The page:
Since we did not need to be at the airport until afternoon, we decided to go to Pistang’s first to get Chuck’s shirt and then on a little trip on the Light Rail Transit, an elevated train that goes down the middle of one of the main north/south streets of Manila. From it, we could see the cemeteries that lie parallel to the track, sometimes right next to it, and other times a couple of blocks away, and each one continued for several blocks. First we passed the Chinese cemetery, and then the larger Catholic cemetery. There were thousands of people on the trains that day going to the cemeteries to place flowers, food, or whatever else they wanted to put there. It was a very colorful and joyous occasion for us, too, but for a different reason. We felt free because we had our papers in hand. We got back to the guest house in time for a delicious lunch and took off immediately afterwards for the airport.
It was all sort of unreal the second time going to the airport again and going through everything. When we got to the ticket counter and turned in our luggage, there was the same lady we had talked to two days before. Chuck read the surname on her name tag, which he hadn’t done the first time. He was surprised to notice it was the same as a friend of ours from Enrile. When he asked her about it, he told her he knew someone in Enrile by that name, and the lady asked him if our friend’s name was Conching.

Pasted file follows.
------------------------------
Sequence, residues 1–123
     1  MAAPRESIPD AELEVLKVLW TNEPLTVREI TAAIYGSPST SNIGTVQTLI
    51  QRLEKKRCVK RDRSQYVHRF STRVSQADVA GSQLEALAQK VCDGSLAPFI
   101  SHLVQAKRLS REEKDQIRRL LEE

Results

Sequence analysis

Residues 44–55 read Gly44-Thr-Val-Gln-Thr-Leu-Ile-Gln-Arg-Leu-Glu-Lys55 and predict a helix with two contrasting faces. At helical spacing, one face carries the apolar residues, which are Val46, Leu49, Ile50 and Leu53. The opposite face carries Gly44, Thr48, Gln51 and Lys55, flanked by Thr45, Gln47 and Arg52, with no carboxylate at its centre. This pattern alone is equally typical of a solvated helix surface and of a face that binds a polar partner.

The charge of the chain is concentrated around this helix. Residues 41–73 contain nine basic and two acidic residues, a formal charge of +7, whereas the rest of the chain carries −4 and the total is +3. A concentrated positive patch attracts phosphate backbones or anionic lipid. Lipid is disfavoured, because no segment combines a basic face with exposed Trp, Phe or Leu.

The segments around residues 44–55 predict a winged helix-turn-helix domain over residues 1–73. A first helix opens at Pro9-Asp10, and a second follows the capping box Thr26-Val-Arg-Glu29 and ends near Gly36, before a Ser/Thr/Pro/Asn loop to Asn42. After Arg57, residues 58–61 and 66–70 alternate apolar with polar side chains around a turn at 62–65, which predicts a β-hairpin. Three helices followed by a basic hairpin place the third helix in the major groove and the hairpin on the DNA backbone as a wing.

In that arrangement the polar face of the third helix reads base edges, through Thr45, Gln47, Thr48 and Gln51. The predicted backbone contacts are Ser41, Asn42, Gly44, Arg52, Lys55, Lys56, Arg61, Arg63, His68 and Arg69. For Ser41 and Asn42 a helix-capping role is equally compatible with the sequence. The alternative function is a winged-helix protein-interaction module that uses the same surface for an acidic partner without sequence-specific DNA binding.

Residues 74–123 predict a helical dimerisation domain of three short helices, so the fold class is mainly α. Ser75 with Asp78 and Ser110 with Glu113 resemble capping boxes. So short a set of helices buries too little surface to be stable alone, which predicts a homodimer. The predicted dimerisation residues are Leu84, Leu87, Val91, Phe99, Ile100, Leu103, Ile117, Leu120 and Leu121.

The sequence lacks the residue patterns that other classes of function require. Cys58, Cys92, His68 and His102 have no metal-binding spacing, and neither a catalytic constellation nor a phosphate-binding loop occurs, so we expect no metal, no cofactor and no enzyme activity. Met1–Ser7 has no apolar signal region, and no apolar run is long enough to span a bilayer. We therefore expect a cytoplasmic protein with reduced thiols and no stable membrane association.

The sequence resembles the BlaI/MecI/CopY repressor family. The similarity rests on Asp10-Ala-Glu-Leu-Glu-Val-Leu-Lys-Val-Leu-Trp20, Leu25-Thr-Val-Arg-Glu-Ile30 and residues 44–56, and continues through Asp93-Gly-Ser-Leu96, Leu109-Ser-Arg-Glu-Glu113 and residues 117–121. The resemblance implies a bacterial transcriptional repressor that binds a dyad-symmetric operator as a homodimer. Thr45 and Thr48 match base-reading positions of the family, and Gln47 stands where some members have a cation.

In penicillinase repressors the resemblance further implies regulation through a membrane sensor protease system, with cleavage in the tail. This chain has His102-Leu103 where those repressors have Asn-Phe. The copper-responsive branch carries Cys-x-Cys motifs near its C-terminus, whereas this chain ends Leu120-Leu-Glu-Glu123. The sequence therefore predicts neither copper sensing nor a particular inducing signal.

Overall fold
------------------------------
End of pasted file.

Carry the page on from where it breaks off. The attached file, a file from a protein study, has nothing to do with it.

“Yes, that’s it,” he replied. “Do you know her?”
“Why yes,” she said. “She’s my mother-in-law.”
So then we had a short chat with her about how we knew her mother-in-law and her extended family. How nice to meet someone who knew someone from Enrile. Her name was Mari Caballero. She was a beautiful person, and we were blessed to get acquainted with her.